Abstract: Connected after Care: The Roles of Child Welfare Policy and Programs in Postsecondary Education and Employment Among Youth Formerly in Foster Care (Society for Social Work and Research 25th Annual Conference - Social Work Science for Social Change)

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Connected after Care: The Roles of Child Welfare Policy and Programs in Postsecondary Education and Employment Among Youth Formerly in Foster Care

Thursday, January 21, 2021
* noted as presenting author
Jennifer Geiger, PhD, MSW, Assistant Professor, University of Illinois at Chicago, Chicago, IL
Nathanael Okpych, PhD, Assistant Professor, University of Connecticut, Hartford, CT
Background and Purpose:

Youth with foster care histories experience a number of challenges as they transition into adulthood, particularly with education and employment. It is estimated that 3-5% of youth formerly in foster care complete a bachelor’s degree and less than half are employed by the age of 25/26 (Okpych & Courtney, 2014). Several policies and programs have been implemented to promote connectedness to education and employment for youth in care (e.g., extended foster care [EFC], tuition waivers, independent living services [ILS]), however, little is known about their impact. This study investigates the role of state-level policies, youth receipt of services, and disparities in youth connections to education and employment.


We analyzed data collected from the National Youth in Transition Database (NYTD), a nationally-representative longitudinal study of youth in foster care. The sample included youth who completed the baseline survey in 2013 (age 17) and the follow-up survey in 2017 (age 21) (n=7,813). The four-category outcome captured youths’ connectedness at age 21: enrolled in school, employed, both, or neither. Predictors included state-level measures (e.g., implemented EFC policy, expenditures on ILS, availability of a tuition waiver program for foster youth) and youth-level measures (e.g., receipt of employment ILS, years spent in EFC). We controlled for a wide range of state-level (e.g., youth unemployment) and youth-level factors (e.g., foster care history, parental status). Hierarchical multinomial logistic regression analyses were conducted, with youth nested within states.


Statistically significant (p<.05) regression results are presented as relative risk ratios (RRR), with “neither employed nor enrolled” designated as the outcome reference group. At the youth level, receipt of the following were found to promote connectedness: receipt of postsecondary ILS increased the likelihood of being employed (RRR=1.46) and enrolled/employed (RRR=1.85), and youth who received educational funding had higher odds of being enrolled (RRR=1.56) and enrolled/employed (RRR=2.25). Each additional year spent in EFC increased the likelihood of being employed (RRR=1.51), enrolled (RRR=1.76), and employed/enrolled (RRR=1.89). At the state level, states with tuition waivers for foster youth increased the likelihood of enrollment (RRR=1.48), and states with more unspent ILS funding decreased youths’ odds of being enrolled/employed (RRR=0.87 for each 10 percentage-point increase in unspent funds). Females were less likely than males to be employed only (RRR=0.79) but more likely to be employed/enrolled (RRR=1.27). Compared to white youth, youth identifying as black (RRR=1.29) or “other race” (RRR=1.49) had higher odds of being enrolled/employed. Youth with certain disabilities had lower odds of being connected to school and school/work.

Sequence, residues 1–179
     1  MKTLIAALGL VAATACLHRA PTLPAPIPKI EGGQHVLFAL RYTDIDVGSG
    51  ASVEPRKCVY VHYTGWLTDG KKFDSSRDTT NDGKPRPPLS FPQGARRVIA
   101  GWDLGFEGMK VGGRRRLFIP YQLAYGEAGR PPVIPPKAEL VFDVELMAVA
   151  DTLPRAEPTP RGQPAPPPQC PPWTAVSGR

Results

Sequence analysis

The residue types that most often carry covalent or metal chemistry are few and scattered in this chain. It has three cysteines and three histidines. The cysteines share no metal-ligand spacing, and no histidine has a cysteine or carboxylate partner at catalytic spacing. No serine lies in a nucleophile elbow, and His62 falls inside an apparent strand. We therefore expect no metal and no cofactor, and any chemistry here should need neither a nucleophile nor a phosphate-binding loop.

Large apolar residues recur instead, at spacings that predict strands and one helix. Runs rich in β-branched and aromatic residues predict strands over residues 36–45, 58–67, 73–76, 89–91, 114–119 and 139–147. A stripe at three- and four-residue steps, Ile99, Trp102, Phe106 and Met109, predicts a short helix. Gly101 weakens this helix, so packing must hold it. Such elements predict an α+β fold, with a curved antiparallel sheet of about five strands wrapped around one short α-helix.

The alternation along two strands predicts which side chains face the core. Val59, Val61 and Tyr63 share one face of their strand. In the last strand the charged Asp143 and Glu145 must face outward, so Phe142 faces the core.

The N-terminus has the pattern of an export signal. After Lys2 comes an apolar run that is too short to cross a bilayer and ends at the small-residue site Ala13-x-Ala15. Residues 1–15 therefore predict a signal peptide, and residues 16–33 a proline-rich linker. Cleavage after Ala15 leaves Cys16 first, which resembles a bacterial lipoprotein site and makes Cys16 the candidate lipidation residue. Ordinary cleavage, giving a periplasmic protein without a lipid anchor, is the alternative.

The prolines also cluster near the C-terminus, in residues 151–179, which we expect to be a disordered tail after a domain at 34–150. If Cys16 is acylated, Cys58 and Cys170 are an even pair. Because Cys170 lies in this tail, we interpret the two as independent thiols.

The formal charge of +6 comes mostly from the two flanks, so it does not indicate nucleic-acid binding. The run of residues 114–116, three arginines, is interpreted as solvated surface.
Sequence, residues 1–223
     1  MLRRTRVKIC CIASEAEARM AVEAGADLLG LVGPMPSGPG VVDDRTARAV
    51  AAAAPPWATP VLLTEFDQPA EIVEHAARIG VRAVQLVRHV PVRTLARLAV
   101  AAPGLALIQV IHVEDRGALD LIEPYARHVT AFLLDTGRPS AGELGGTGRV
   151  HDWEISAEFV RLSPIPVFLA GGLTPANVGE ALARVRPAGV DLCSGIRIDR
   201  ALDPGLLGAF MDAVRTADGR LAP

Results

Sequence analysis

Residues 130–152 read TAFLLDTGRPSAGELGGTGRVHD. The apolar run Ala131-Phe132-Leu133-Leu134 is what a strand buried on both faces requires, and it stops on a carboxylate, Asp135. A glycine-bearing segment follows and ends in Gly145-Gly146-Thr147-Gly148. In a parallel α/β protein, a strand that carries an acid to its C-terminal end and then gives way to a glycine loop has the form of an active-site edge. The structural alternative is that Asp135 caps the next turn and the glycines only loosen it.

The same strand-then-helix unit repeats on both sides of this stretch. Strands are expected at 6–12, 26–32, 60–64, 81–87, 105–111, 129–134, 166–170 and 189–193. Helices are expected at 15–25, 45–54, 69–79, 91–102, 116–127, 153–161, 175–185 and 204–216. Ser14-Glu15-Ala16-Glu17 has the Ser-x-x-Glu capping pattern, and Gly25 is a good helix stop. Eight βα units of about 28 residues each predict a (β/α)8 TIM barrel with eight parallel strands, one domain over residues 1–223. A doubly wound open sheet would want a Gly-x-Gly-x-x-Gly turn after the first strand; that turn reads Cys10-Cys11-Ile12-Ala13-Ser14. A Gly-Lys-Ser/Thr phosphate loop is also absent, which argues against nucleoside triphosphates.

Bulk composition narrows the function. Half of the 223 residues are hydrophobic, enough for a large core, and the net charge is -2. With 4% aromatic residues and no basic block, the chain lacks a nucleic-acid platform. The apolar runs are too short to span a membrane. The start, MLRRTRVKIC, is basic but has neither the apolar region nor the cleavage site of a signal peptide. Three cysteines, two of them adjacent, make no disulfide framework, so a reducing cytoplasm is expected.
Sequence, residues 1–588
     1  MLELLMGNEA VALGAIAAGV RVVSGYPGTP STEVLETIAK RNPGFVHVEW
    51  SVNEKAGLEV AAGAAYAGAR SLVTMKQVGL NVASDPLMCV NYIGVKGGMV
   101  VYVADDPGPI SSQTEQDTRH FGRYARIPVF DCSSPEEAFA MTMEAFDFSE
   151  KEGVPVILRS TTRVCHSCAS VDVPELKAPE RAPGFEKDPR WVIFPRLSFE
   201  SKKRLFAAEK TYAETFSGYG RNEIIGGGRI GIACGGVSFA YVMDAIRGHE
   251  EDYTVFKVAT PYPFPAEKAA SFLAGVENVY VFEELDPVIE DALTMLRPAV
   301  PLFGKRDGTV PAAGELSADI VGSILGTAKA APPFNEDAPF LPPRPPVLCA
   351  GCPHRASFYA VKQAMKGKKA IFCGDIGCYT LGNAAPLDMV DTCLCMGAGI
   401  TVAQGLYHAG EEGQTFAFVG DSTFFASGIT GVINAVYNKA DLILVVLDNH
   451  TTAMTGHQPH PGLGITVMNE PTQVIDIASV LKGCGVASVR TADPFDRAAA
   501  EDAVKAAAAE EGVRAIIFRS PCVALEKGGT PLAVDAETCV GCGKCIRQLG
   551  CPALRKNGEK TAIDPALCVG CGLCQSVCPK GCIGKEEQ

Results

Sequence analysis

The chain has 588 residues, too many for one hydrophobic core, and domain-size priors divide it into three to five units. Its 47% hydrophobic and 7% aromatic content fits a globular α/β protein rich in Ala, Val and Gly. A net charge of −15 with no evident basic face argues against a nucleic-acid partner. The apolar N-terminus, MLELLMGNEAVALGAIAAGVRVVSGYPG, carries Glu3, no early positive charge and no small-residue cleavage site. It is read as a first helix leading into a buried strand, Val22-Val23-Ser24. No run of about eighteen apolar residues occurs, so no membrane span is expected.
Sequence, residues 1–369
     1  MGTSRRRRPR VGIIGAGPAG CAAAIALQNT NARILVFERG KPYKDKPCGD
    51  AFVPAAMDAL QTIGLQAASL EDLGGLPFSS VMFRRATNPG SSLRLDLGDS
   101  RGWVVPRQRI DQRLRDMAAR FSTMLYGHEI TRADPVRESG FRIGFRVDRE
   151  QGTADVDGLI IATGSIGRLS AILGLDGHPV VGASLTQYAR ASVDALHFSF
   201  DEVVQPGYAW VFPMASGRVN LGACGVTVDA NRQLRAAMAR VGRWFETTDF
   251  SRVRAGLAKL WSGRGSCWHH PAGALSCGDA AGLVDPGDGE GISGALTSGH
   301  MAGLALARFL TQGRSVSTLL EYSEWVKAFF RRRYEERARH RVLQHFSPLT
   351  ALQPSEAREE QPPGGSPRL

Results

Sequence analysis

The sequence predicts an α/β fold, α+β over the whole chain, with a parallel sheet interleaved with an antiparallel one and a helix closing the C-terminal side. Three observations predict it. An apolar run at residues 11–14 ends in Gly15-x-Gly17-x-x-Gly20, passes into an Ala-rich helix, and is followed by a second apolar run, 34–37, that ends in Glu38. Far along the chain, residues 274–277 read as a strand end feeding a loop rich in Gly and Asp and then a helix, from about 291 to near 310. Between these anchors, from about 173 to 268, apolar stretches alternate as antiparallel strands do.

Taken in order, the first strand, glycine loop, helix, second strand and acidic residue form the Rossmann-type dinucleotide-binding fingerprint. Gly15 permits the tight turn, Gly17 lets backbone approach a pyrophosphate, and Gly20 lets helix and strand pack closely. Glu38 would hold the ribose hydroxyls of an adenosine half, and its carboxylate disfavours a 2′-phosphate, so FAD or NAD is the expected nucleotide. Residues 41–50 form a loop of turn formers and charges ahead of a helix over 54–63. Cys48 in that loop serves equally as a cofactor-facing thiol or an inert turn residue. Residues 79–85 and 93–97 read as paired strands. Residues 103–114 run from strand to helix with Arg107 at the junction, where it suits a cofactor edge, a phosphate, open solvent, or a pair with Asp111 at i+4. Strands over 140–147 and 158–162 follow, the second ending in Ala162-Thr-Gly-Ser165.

Conclusions and Implications:

Findings suggest that several individual-level and state-level programs and policies can increase the likelihood of youth formerly in foster care being employed and enrolled in postsecondary education. It is promising that some services seem to be having positive impact on education and employment. Youth in states that invest in services and financial support are more likely to be employed and enroll in postsecondary education. The disparities noted indicate that youth may need additional supports in programming and policies. Implications for youth, youth-serving organizations, and policymakers will be discussed.